(Extract from Schönbergs “Book of the Hanging Garden”: Brigitte Fassbaender mezzo with Aribert Reimann, piano)
Musical life was decimated following the First World War. Everyone who was anyone abandoned Vienna and struck out for Berlin. As noted by Anton Kuh: “I moved to Berlin because I preferred the company of the Viennese”. Elsewhere on this blog, I’ve dealt with the alternative annexation of Germany by Austria in 1920. But what remained in Austria can’t be totally dismissed and makes up the second epoch: post-1914. Oddly enough, the pre-war complaints by progressives that Vienna was a city of irredeemable conservatives became a reality. Obviously it wasn’t entirely the case before the First World War, or they simply wouldn’t have been able to remain in Vienna and flourish. And of course, fin die siècle Modernism in Vienna did not solely apply to music. Schönberg’s own attempts to gain a footing in Berlin prior to 1914 prove this point with his return to Vienna after unsuccessful attempts to establish himself in what he believed to be more accommodating Berlin.
(Egon Wellesz in conversation with Derycke Cooke on Hauer and Schönberg)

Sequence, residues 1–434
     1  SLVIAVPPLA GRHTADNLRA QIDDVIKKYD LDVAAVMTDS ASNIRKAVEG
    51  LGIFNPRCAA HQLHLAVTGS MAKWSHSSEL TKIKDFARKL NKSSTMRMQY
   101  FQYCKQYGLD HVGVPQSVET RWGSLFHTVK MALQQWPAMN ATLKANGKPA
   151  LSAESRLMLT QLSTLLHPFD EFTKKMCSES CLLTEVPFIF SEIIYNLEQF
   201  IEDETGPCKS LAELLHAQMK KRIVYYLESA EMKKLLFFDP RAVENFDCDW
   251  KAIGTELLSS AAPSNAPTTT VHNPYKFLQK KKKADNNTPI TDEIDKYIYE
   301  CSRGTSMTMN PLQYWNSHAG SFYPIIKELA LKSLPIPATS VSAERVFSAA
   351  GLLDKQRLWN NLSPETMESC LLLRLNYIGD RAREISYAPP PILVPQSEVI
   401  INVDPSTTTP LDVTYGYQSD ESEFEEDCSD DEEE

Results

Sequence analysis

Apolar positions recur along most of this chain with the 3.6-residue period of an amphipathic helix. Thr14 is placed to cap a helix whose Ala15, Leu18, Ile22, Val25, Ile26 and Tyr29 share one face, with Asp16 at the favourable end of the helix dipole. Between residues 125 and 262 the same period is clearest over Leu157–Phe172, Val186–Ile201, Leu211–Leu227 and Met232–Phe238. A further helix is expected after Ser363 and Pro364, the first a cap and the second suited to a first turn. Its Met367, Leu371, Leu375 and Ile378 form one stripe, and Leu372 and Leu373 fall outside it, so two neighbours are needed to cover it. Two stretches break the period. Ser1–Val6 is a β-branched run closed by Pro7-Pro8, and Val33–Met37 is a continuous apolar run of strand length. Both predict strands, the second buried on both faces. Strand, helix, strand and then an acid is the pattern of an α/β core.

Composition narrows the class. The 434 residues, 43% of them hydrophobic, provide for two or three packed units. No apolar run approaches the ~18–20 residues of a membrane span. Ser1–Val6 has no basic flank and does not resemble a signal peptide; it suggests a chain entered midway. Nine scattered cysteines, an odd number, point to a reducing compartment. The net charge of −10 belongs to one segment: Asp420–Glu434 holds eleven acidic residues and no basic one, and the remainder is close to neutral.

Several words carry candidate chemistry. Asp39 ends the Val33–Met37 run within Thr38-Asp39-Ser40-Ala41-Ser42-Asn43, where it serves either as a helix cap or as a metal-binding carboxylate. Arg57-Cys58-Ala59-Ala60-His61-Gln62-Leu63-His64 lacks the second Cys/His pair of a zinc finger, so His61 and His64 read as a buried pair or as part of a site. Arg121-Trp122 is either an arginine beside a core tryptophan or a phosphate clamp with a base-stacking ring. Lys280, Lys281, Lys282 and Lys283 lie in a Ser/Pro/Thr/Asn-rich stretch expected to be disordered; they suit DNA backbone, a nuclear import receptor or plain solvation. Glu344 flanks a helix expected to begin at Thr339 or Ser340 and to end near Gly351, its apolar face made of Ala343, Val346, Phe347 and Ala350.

But inter-war Vienna offered much that Berlin didn’t or still couldn’t. It was where in 1919 the monthly progressive magazine Musikblätter des Anbruch was published. It was where Schönberg would meet Josef Matthias Hauer and concoct his own variant of serial composition, leaving a legacy known as the Second Viennese School. It’s the only place where Musil’s Mann ohne Eigenschaften could have been written. Writers, musicians and artists reeled with the legacy of an empire that had been around for hundreds of years along with its accompanying institutions: elite education, multi-lingual internationalism and a well run civil service. Austria stood in relation to Germany, a new state only cobbled together in 1871, as Great Britain stood to the United States in 1945. The new kid on the block was now the biggest kid on the block, and everyone who was anyone rushed to join his gang. Like London after 1945, a smug post-imperial Viennese sense of innate superiority still prevailed. This core conservatism, however, brought its own compositional benefits. It grandly stood aside from the trends of New Objectivity and even struggled to find support for its own Schönbergian School. All of these “new fangled” developments represented to Vienna’s core establishment nothing more serious than a one-off drunken Seitensprung with someone else’s spouse in the context of a long stable marriage. Indeed, Vienna’s “conservatives”, or “tradtionalists” as they preferred to see themselves, also believed in “progress”, but they saw it as something organic and growing out of individual expression rather than jettisoning everything that had gone before. If Vienna was the city of Mahler and Schönberg, it was also the city of Brahms. It offered a southern alternative to Prussian severity and it’s no surprise that another German, Richard Strauss would become the dominant force, with local composers such as Franz Schmidt and Joseph Marx providing a creative environment where the likes of Erich Wolfgang Korngold could comfortably thrive.